aging

Why death is inevitable but aging isn’t – letter 26

In these series of blog posts I attempt to translate the Moral letters to Lucilius by Seneca into modern English. In letter 26 Seneca describes how to approach death and aging.

You are dying every day in small, incremental ways …

Celebrate aging

I was telling you recently that I started to feel old. On second thoughts, I don’t even consider myself as old. That is now behind me. Why? Well, because I don’t feel too bad at all. Some old people feel exhausted both physically and mentally, but my mind is as alert as ever. I only wish that my body was too!

I now think that we should celebrate old age. As we have a lifetime of knowledge and experience to drawn upon. So, while my thinking is still sharp there is much to be grateful about. For example, I know that aging is outside of my control. It allows me to consider what is in my control such as what I want to do with my time.

Our struggle with impermanence causes much, if not all, of our suffering. We don’t want things to change, we want things to be the way we want them. And when they aren’t, we are stressed out, frustrated, disappointed, grieving, mourning, wishing things were different.

But what if we could accept this impermanence, accept the reality of this moment? The impermanent, ever-changing nature of life can cause stress, frustration, sadness and anger. But when we embrace the impermanence and work with it, life can be a joy, and we can appreciate the painful beauty of this temporary existence.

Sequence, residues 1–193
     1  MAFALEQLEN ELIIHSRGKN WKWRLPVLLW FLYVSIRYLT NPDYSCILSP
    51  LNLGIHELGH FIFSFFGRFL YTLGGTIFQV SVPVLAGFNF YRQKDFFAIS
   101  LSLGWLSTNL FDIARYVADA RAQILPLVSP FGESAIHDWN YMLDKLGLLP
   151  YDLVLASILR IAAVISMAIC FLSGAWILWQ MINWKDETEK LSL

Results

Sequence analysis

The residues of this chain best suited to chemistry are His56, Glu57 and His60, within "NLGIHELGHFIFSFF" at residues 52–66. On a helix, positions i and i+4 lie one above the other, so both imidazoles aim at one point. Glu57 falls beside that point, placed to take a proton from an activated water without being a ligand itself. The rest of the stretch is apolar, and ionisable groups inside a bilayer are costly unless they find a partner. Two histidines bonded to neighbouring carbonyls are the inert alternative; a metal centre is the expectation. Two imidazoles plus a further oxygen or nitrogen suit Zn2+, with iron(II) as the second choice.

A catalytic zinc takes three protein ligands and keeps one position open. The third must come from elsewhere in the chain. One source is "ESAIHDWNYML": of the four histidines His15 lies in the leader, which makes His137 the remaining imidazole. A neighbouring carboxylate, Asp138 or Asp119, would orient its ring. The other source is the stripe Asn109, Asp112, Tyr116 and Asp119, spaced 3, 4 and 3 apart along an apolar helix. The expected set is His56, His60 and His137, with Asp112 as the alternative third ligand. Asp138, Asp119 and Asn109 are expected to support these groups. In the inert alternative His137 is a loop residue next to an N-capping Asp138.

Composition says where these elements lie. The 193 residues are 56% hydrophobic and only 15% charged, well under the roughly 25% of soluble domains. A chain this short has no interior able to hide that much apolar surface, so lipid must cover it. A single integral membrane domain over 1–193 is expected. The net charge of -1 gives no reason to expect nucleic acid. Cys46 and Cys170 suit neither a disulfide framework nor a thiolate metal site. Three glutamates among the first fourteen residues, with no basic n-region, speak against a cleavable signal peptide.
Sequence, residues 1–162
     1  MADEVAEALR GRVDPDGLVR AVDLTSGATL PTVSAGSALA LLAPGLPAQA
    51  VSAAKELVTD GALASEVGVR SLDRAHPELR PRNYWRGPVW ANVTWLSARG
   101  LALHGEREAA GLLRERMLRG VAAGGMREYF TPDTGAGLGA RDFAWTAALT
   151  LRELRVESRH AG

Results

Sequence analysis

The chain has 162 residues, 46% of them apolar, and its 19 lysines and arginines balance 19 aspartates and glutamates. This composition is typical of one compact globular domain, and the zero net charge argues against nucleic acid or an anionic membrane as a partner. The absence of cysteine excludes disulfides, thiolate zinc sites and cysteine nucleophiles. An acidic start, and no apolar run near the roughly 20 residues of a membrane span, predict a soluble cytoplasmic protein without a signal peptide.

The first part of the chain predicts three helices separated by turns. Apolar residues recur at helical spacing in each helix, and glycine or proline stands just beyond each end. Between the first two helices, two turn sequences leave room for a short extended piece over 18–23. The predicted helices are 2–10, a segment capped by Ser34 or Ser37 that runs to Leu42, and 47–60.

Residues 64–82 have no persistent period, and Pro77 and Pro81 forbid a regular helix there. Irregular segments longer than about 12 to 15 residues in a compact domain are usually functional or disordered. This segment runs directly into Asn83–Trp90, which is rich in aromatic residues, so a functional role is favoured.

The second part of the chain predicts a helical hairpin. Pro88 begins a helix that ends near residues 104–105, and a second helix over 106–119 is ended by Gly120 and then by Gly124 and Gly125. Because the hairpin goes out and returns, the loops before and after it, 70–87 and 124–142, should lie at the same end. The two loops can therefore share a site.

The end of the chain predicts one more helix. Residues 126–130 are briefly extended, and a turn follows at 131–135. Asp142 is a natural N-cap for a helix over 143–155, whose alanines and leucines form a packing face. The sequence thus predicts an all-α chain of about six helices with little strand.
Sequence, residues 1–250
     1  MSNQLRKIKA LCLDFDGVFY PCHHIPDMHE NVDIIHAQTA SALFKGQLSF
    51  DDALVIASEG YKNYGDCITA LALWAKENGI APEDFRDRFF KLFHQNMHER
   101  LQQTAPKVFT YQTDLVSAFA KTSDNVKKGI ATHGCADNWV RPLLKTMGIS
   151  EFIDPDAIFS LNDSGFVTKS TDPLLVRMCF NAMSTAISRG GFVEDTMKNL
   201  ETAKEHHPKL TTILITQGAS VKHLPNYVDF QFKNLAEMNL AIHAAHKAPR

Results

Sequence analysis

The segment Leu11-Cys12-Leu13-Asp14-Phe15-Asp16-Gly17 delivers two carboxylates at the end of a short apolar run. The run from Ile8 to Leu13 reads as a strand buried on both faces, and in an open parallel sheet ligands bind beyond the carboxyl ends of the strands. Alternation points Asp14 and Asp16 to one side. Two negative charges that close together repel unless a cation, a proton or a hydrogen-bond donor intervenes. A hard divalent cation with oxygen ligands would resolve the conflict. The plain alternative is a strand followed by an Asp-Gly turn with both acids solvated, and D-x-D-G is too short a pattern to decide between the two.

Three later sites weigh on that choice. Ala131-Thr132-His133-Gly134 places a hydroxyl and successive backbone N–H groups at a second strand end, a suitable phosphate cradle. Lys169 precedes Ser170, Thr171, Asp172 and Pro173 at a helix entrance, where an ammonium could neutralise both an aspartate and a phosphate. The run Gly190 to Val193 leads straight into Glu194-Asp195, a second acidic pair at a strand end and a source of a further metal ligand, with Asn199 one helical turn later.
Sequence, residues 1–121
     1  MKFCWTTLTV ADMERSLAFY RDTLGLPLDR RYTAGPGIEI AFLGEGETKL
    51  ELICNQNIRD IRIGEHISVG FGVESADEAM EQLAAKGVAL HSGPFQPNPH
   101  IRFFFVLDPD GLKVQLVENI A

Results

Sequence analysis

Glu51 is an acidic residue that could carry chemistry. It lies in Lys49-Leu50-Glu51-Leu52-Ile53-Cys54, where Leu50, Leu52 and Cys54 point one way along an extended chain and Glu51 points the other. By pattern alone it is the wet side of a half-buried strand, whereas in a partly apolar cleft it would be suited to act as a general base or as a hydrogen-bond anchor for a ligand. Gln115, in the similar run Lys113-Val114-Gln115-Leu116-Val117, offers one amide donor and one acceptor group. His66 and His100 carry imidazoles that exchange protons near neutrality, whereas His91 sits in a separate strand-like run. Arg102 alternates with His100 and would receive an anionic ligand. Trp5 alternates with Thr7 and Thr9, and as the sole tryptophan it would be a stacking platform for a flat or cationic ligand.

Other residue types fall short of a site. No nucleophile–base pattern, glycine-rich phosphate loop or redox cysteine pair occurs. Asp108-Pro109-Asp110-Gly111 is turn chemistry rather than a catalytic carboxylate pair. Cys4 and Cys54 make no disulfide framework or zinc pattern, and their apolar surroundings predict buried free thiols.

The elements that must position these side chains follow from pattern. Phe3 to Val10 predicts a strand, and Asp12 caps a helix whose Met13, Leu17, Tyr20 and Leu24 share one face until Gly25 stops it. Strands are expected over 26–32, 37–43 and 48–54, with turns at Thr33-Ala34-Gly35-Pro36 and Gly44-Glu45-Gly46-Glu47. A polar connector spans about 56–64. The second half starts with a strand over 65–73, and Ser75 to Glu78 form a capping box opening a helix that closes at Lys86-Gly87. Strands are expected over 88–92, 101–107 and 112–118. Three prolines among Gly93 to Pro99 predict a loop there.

I also know that over the next few years my mind and body will slowly wear out. Each year will see me wear out and my faculties melt away. That is assuming that I don’t suddenly die.

Virtuous

But whatever way I go, the people I leave behind can judge me on how virtuous I was. Only then can others sum up your life and determine the impact you made. At that point your deeds will speak louder than your words. So my advice to you is to take some time out to reflect on your whole life. What sort of person do you want to be? Are you a role model for this behaviour? If not, then why? Don’t try to deceive yourself about why you are acting in a less than virtuous way. Be the best possible version of you that you can be.

And try to satisfy yourself that you have accepted the inevitability of death. Once you do then maintain control your thoughts and choices. If you can do this then you will always be free. Free of the fear that comes with the thought of the moment of death. After all you are dying every day in small, incremental ways.

Take care.

What do you think? Leave a comment below:

Photo by Aleksandar Popovski on Unsplash

Leave a Reply